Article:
Thioesterase II, the key enzyme which regulates the production of medium-chain fatty acids by the mammary fatty acid synthetase, is expressed specifically in epithelial cells of the rat mammary gland, regardless of their state of differentiation, and we consider the enzyme to be a reliable marker for this cell type. The objective of this study was to determine whether this enzyme is expressed universally in tumors originating from rat mammary epithelial cells and whether it might be shed into the serum of host animals. Immunoreactive thioesterase II was detected in all of the epithelial derived mammary tumors tested, being highest in tumors that exhibited obvious epithelial morphology. Two of the tumors, R3230AC and DMBA 1, were transplanted into Fischer 344 rats and the levels of thioesterase II in the tumor and serum were monitored by enzyme immunoassay. Thioesterase II content of the transplanted tumors fell to, and remained at, a low level during the first week following transplantation. During this period the transplanted tumor established a new network of blood vessels; no thioesterase II was detectable in the serum. Subsequently, thioesterase II levels in the tumors returned to the values observed before transplantation and thioesterase II was detectable in the serum. Of 51 rats transplanted with the R3230AC tumor, 37 showed elevated serum thioesterase II levels; of 40 transplanted with the DMBA 1 tumor, 35 showed elevated serum thioesterase II. Furthermore, there was a statistically significant correlation between serum thioesterase II and tumor burden in both tumor model systems. The identity of the serum antigen reacting with anti-thioesterase II antibodies was confirmed, by Western immunoblotting, to be full-length thioesterase II polypeptide. Parallel studies with fatty acid synthetase, an enzyme with an ubiquitous tissue distribution, indicated as expected that serum levels of this enzyme were unlikely to provide a reliable index of mammary tumor status.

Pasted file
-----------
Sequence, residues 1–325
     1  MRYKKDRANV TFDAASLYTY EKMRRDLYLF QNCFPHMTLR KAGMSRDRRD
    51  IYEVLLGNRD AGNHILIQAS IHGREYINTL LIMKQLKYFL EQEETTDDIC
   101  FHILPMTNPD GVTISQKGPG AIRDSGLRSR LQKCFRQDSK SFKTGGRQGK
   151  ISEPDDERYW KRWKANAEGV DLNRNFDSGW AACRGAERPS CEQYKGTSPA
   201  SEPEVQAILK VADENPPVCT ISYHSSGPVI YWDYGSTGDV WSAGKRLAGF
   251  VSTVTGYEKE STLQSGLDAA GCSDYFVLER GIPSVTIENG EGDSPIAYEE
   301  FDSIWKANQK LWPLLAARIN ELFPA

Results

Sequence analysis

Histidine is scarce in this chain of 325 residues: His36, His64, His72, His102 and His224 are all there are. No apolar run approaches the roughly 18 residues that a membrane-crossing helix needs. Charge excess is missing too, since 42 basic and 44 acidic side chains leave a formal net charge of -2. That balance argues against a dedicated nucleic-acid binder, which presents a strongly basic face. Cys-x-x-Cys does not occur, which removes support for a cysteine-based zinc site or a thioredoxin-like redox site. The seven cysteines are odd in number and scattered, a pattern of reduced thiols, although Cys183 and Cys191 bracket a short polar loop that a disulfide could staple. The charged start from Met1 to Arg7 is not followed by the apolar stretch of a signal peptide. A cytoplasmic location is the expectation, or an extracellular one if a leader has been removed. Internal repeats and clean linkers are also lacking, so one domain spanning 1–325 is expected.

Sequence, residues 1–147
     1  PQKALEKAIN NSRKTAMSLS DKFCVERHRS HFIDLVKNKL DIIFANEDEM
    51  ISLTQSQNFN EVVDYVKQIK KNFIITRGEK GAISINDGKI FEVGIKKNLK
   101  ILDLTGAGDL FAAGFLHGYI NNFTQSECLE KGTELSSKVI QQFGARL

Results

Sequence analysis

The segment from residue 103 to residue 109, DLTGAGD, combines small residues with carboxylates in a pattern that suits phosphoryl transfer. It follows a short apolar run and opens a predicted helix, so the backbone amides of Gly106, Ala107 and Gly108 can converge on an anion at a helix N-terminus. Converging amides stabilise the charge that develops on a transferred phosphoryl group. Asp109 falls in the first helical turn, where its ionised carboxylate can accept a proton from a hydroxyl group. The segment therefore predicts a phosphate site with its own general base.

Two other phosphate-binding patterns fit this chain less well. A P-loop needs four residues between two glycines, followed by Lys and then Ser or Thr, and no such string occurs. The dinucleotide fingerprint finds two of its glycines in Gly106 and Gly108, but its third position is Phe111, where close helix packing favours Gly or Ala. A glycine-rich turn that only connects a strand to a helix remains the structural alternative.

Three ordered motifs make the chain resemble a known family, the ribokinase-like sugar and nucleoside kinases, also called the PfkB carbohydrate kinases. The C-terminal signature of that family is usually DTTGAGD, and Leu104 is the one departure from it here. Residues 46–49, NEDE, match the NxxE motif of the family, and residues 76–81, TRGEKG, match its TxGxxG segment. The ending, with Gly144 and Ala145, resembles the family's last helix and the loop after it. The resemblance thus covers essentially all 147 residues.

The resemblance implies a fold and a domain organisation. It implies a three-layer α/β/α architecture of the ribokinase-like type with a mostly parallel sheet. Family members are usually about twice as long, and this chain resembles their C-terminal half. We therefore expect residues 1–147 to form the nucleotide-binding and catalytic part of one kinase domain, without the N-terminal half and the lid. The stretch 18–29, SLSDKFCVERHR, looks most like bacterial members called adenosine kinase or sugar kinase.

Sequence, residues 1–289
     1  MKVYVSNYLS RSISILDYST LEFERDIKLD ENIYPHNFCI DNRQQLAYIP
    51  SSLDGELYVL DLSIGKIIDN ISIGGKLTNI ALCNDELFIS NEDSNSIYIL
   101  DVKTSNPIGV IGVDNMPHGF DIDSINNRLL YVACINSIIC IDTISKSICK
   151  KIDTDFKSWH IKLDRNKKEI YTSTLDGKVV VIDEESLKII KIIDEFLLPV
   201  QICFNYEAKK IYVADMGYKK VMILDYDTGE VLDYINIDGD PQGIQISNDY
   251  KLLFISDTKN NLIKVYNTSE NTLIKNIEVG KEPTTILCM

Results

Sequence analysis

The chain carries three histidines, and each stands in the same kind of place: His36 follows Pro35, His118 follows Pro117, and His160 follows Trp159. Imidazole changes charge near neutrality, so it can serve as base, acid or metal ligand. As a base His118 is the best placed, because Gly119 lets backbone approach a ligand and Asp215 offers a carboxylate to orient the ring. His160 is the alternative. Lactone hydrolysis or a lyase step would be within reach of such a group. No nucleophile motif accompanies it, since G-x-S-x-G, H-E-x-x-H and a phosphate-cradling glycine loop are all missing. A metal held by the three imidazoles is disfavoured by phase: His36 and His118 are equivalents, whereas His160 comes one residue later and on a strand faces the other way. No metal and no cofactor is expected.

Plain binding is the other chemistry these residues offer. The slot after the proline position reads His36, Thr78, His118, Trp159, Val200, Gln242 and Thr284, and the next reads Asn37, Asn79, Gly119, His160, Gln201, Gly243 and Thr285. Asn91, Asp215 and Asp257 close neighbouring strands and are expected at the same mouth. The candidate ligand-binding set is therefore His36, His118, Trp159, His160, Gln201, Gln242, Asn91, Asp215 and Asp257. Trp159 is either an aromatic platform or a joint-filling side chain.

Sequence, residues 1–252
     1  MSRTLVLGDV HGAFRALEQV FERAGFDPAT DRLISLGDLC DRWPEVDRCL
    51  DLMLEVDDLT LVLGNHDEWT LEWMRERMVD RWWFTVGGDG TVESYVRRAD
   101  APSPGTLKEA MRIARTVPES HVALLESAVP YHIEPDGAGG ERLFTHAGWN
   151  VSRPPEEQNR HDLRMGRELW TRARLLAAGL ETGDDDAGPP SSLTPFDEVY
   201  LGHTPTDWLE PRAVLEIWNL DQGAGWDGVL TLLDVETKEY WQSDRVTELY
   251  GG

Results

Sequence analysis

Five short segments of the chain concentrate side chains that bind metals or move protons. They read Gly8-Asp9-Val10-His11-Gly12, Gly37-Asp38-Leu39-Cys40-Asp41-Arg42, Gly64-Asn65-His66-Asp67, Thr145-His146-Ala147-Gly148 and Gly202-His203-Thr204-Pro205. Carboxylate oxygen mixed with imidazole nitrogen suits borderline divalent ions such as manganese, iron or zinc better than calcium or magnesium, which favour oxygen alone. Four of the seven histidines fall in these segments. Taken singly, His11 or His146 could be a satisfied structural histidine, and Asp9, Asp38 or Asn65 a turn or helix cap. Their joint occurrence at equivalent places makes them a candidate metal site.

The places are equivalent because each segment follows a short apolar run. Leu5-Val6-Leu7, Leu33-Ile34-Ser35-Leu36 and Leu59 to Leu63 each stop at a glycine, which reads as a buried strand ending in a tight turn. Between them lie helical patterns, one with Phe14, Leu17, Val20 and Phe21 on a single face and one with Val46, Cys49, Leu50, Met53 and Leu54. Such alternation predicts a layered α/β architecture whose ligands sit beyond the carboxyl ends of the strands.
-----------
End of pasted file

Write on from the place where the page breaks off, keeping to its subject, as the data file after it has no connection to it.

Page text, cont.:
These results indicate that thioesterase II may be a useful serum marker for mammary cancer.

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Supported by a joint venture of Children's Hospital Medical Center and Hambrecht & Quist.

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